A new study recently published in the Journal of the National Cancer Institute suggests that taking high doses of selenium and vitamin E supplements may increase the risk of prostate cancer, depending on a man's selenium levels prior to taking the supplements.
The research team, including first author Dr. Alan Kristal of the Public Health Sciences Division of the Fred Hutchinson Cancer Research Center in Seattle, WA, analyzed 1,739 patients with prostate cancer and 3,117 matched controls from the Selenium and Vitamin E Cancer Prevention Trial (SELECT).
According to the investigators, previous research has suggested that men who already have an adequate intake of selenium would not benefit from supplements of the nutrient.
Therefore, the researchers took selenium measurements from the toenails of participants at the baseline of the study.
Selenium is a chemical element most commonly found in seafoods and organ meats, such as liver. Other food sources of selenium include muscle meats, cereals and dairy products.
The National Institutes of Health state that selenium is nutritionally essential for humans and plays roles in reproduction, thyroid hormone metabolism and DNA syntheses, as well as protects against oxidative damage and infection.
According to the Food and Nutrition Board, the recommended dietary allowance for both males and females aged 14 years and over is 55 mcg per day.
For the study, the researchers wanted to determine whether taking daily high doses of vitamin E (400 IU) and/or selenium (200 mcg) may reduce the risk of prostate cancer.
Vitamin E is a group of fat-soluble compounds that act as an antioxidant in the body. The vitamin is commonly found in foods such as nuts, seeds, vegetable oils, green leafy vegetables and fortified cereals.
Dietary supplements 'not necessarily helpful or innocuous'
SELECT began in 2001 and was scheduled to carry on for 12 years. But in 2008, the study was called to a halt on the grounds that no protective effects were found from selenium supplements and vitamin E supplements were thought to increase the risk of prostate cancer.
However, although the men stopped taking the supplements in 2008, the researchers continued following them in order to monitor their prostate cancer risk.
The findings revealed that men who had high selenium levels at the beginning of the study had a 91% increased risk of high-grade prostate cancer. According to the researchers, the levels of selenium for these men became toxic.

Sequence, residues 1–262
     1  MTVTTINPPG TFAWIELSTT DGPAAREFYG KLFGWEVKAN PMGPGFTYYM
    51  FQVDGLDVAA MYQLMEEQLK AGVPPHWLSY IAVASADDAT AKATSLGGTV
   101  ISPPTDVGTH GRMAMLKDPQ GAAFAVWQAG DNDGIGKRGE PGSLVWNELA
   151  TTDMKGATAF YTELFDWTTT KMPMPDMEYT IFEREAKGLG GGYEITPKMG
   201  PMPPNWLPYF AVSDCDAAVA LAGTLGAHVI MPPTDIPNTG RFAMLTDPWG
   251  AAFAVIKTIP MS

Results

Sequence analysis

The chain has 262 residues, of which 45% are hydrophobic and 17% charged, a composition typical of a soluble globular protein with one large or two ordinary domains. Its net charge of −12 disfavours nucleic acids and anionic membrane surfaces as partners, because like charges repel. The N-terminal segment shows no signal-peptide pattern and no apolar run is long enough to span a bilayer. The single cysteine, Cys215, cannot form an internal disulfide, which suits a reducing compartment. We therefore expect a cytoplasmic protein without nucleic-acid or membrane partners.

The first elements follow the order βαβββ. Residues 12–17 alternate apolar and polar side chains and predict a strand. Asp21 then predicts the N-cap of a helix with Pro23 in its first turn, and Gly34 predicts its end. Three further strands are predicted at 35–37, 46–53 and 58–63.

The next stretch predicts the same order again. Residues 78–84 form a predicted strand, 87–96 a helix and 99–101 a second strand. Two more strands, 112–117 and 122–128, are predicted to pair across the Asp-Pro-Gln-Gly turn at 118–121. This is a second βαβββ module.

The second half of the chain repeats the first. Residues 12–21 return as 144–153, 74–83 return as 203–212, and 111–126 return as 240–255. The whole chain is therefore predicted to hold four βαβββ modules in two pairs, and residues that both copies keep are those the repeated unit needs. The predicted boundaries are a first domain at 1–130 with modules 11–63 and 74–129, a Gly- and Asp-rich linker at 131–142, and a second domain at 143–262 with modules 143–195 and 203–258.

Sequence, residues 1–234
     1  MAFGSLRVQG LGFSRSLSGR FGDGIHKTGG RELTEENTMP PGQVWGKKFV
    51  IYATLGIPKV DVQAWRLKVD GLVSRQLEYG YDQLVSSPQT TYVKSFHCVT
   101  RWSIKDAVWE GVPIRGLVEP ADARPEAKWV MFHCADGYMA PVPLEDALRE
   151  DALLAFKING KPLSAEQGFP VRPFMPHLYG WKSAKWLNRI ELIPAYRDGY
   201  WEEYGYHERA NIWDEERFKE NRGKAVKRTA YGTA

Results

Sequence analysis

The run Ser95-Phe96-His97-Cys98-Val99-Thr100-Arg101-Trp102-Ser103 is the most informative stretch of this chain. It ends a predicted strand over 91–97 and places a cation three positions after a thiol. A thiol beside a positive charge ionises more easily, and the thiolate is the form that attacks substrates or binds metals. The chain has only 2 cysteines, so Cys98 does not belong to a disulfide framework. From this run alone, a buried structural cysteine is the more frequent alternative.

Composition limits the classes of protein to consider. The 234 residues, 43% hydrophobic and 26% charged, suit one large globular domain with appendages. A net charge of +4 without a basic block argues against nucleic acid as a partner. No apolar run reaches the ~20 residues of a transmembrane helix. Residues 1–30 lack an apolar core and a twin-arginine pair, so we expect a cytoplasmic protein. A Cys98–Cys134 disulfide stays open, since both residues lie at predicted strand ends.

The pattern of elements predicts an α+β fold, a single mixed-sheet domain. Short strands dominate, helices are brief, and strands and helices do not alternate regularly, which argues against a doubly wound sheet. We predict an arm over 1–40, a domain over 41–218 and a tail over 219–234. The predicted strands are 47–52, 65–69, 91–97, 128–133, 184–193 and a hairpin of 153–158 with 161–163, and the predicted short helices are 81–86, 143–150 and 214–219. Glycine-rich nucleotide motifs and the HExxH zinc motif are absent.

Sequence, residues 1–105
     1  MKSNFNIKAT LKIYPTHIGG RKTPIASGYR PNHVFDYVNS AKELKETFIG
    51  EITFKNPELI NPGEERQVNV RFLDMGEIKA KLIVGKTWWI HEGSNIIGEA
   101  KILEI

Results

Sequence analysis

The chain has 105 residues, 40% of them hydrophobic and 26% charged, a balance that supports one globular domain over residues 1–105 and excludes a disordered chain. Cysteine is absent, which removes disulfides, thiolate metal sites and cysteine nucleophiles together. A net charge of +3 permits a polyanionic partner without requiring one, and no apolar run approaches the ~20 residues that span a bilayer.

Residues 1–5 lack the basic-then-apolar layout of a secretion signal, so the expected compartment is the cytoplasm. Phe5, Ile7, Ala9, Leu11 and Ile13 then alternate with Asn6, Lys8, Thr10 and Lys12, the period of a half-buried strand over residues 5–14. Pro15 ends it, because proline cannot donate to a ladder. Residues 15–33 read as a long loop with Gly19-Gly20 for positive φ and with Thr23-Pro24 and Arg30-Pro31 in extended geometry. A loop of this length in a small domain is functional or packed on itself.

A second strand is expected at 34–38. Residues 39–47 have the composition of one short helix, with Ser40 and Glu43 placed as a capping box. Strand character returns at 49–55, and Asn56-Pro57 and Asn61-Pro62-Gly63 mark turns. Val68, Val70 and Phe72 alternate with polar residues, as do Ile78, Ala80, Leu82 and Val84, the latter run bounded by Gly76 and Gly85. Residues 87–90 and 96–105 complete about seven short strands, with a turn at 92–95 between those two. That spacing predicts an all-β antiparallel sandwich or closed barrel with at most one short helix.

The investigators also found that for men with low selenium levels at the baseline of the study, vitamin E increased total prostate cancer risk by 63%, while high-grade prostate cancer risk increased by 111%.
"Many people think that dietary supplements are helpful or at the least innocuous. This is not true," says Dr. Kristal.
"We know from several other studies that some high-dose dietary supplements - that is, supplements that provide far more than the daily recommended intakes of micronutrients - increase cancer risk.
He adds that people taking vitamin E or selenium supplements should stop because there is no evidence that they produce any health benefits - only risks.
Dr. Kristal says that even standard multivitamins - which he says have yet to demonstrate any risk - could be harmful in high doses.
"Taking a broad view of the recent scientific studies, there is an emerging consistency about how we think about optimal intake of micronutrients," he adds.
"There are optimal levels, and these are often the levels obtained from a healthful diet, but either below or above the levels there are risks."
Of late, there have been many studies questioning the health benefits of vitamin supplements. Medical News Today recently reported on a study suggesting that vitamin C and E supplements may hinder athletes' training, while other research suggests that multivitamins are a waste of money and have no health benefits.